Eventually, the disaster has aggravated pre-existing vulnerabilities in the population. World Food Program’s Vulnerability Analysis Mapping (VAM) of flood recovery assessment (FRA) showed that of all the surveyed areas, Sindh had the highest number of food insecure households at 47.9%.
According to the National Nutrition Survey (NNS), a large national level survey carried out by Aga Khan University (AKU) for the government of Pakistan, with a large sample that covers all districts of Pakistan, except three that could not be reached for security reasons and the results being representative at the provincial level, the prevalence of wasting, underweight and stunting among children under five in Sindh province stands at 17.5%, 40.5% and 49.8% respectively (NNS July 2011). In particular stunting, which is long term and chronic problem of malnutrition, figures remains very high (roughly 05 out of 10 children are stunted according to the NNS 2011 survey) and needs policy makers timely decision to trigger long term development nutrition interventions. More so, Child malnutrition rates in country including this province remained persistently high even in a non-crisis situation. The flood has simply exposed this. Indeed, malnutrition usually develops in stages over time leading to weakness and low resistance to infections in the body which causes health problems. Severe malnutrition may expose to heart diseases, breathing and kidney problems. It can also cause changes in electrolytes which lead to death if left untreated.According to the PDHS 2006-07, Sindh has the maternal mortality ratio of 314 per 100,000 live births, Infant Mortality Rate of 81 per 1,000 live births. 38% of the births are facilitated by skilled birth attendants. There is variance among the health indicators within the districts as Karachi’s health indicators are better than that of Jacobabad and Kashmore. According to NNS-2011 50 %of the newborn children in Sindh are given breast milk within one hour of birth. The median duration of exclusive breastfeeding is less than a month (0.8 months) as compared to the recommended duration of 6 months (PDHS 2006-07). In Sindh, 53 % of children aged 06-59 months were Vitamin A deficient (NNS-2011) and 23.% of children less than 5 years of age had diarrhea in the two weeks preceding the survey (NNS-2011).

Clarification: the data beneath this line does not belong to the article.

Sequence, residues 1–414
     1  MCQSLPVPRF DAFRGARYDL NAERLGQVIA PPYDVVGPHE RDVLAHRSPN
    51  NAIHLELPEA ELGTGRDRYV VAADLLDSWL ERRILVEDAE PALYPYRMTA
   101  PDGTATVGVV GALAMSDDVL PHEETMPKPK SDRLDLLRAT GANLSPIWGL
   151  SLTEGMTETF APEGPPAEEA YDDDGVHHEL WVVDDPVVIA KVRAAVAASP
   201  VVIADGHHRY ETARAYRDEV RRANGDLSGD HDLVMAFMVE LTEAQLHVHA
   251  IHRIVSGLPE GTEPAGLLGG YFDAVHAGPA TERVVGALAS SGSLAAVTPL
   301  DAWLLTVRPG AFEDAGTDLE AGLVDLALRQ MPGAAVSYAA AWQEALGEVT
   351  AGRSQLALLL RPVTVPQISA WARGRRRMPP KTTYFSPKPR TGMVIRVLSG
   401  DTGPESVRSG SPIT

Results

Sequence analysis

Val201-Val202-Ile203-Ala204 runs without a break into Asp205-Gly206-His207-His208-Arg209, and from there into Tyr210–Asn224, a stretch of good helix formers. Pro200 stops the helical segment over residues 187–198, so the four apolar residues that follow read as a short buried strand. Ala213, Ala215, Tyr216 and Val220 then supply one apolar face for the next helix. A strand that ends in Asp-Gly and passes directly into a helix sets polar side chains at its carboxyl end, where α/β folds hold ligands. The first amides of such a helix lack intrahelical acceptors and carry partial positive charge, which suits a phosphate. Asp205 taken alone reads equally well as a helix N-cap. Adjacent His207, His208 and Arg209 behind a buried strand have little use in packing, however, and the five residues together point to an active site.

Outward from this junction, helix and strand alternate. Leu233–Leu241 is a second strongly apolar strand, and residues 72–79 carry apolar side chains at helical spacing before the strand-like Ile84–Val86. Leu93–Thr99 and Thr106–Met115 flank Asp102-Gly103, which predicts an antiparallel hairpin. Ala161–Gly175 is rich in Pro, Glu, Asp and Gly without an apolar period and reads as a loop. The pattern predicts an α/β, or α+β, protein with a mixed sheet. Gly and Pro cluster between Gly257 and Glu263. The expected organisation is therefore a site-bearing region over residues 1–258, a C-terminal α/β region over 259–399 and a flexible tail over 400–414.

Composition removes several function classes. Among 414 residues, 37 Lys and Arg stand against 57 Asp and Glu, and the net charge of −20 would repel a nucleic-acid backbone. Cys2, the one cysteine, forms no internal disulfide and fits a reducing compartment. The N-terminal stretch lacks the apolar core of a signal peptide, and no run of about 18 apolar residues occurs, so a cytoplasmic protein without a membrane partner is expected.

Viewing these puzzling figures, it can well be deduced from the reflected data that nutrition has been least considered aspect of health care delivery system. The mega flood 2010 and torrential rain 2011 disasters simply exposed the worse side on this part of globe. Indeed, Nutrition intervention is highly desirable lest the bigger human disaster would be witnessed. Along with averting the much prophesied. The proposed project aims at to translate the Poverty Reduction Strategy Program - II (PRSP) and Medium term Development Framework (MTDF) strategy for sustainable development and poverty reduction by forging an alliance with civil society and private sector to reduce poverty and accelerate growth. The program will strengthen the ability of the health sector to implement large scale nutrition specific interventions within the purview of the health sector and also create the enabling environment to work with other public sector organizations as well as private and NGO sector.
Despite several measures and Program, health status of population of Sindh has not made an encouraging progress in pursuance to MDG targets. This can be attributed to poverty; low levels of female education, nutrition behaviour based on socio-cultural attitudes and practices, poor investment into health and nutrition Programs along with poor inter-linkage between the two. The poor level of health indicators are reflective of ineffective health system in the province and indicate that health sector in Sindh needs an urgent remedial measure for improving its effectiveness for achieving MDG related targets.
Soon after the havocs let out by the flood, UNICEF in particular and other UN partners in general, immediately came forward, along with public sector, to forestall the bigger human disaster. Based on UNICEF led Flood Affected Nutrition Survey 2010 and World Food Program’s Vulnerability Analysis Mapping (VAM) of flood recovery assessment (FRA), more specific support from all UN partners had been pouring in. More significant being UN two year response plan to avert nutrition crisis in the province. This includes support in establishing 23 Nutrition Stabilization Centres on the lines of nutrition rehabilitative support.